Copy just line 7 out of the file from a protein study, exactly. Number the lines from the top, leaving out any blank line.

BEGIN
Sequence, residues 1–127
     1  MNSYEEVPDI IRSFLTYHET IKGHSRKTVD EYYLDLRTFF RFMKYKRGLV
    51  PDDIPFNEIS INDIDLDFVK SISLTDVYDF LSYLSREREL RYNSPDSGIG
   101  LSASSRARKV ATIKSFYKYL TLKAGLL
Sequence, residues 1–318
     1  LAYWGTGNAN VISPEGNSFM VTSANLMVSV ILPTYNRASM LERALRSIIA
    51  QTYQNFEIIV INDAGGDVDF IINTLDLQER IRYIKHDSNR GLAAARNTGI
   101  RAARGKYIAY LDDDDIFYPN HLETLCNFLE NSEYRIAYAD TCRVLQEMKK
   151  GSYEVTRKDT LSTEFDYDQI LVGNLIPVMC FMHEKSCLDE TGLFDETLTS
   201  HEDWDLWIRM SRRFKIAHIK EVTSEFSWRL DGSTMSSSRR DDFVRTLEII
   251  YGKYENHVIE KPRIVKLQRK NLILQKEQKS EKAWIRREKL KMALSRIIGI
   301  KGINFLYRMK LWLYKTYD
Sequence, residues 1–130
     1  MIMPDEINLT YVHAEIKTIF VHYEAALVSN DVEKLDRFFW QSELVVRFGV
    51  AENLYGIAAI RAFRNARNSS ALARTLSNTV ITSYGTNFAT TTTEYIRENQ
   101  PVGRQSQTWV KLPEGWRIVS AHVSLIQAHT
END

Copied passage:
    51  QTYQNFEIIV INDAGGDVDF IINTLDLQER IRYIKHDSNR GLAAARNTGI